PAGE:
Now if you (or Stallman) do not believe that what we call Cloud Computing today, the ability to access scalable information technology on demand, on a pay per use basis, should be and will be pervasive, then we'd have to agree to disagree (in a friendly banter sort of way). But I doubt that's the case.

We agree, that Cloud Computing done right (Barry want a cracker?) requires interoperability among Clouds. Our Cloudware TM architecture not only provides for for an infrastructure delivery network that enables interoperability, but for elements from different Clouds to co-exist in the same applications. http://www.3tera.com/Cloud-computing We see an eventual world where data center operators can publish idle hardware into the Cloud, software providers can publish pay per use software into the Cloud and subscribers can use these resources on a metered basis for anything from virtual desktops to comprehensive virtual data centers and everything in between.

I think (I hope) we all foresee a world (you, me, Stallman, my geriatric mother with the paper cup and string - all of us) where information technology is a utility accessible by the masses. After all, computing is no longer an esoteric mysterious tool for the scientific and business elite. It's the way everything gets done these days.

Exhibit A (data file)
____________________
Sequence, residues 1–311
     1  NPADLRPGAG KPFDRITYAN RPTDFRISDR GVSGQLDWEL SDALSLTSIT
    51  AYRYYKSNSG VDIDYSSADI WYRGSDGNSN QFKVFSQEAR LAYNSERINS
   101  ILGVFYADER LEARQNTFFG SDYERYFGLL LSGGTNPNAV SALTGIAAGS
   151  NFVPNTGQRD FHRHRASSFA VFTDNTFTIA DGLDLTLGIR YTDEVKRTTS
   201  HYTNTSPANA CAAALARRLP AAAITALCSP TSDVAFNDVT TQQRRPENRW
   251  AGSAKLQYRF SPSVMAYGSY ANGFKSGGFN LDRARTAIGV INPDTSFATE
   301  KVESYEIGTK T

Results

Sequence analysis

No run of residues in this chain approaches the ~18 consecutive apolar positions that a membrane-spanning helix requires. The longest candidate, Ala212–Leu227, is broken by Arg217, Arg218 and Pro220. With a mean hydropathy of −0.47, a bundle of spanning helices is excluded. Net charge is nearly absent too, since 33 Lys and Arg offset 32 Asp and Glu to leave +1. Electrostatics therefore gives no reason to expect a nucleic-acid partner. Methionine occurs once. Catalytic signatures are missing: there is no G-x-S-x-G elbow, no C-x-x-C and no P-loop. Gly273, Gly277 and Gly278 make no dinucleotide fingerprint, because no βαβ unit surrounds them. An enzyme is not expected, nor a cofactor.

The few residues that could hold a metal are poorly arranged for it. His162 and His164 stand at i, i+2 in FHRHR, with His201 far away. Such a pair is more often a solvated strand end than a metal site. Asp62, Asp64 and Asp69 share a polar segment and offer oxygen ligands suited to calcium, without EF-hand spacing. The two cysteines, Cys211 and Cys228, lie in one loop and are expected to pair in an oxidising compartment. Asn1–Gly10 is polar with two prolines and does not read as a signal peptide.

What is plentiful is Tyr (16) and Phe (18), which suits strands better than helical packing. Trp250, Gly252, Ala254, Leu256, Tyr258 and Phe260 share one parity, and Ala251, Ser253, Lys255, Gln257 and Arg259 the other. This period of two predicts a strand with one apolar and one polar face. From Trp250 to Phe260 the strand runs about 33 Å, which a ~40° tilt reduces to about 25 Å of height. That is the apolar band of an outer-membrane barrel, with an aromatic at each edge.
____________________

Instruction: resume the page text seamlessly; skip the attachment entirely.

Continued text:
So, the comparison to electricity and telephones becomes, IMO, quite relevant. You don't suppose for a second that minutes after A.G. Bell's first telephone came off the workbench that the plan was in place that enabled telephones all over the world to inter-operate, do you? Heck! Wars between Edison and Westinghouse over direct current vs. alternating current raged on well before we had any electricity available to any grid with all appliances being able to access it by simply plugging them in.

That is the MOST salient point - Cloud Computing is importnat enough for these "wars" to develop and result in an outcome of pervasiveness.

Before there was interoperability among telephones, we had operators manually make connections for us. If today, we still used that mode of delivery, and every man woman and child in America was a telephone operator, only a teeny fraction of the calls we need to place would get through.

So, yes, Computing pervasiveness will occur just as it did for telephone and electricity. The main difference is that Moore's Law dictates that it will happen infinitely faster.

--BXL

swardley said...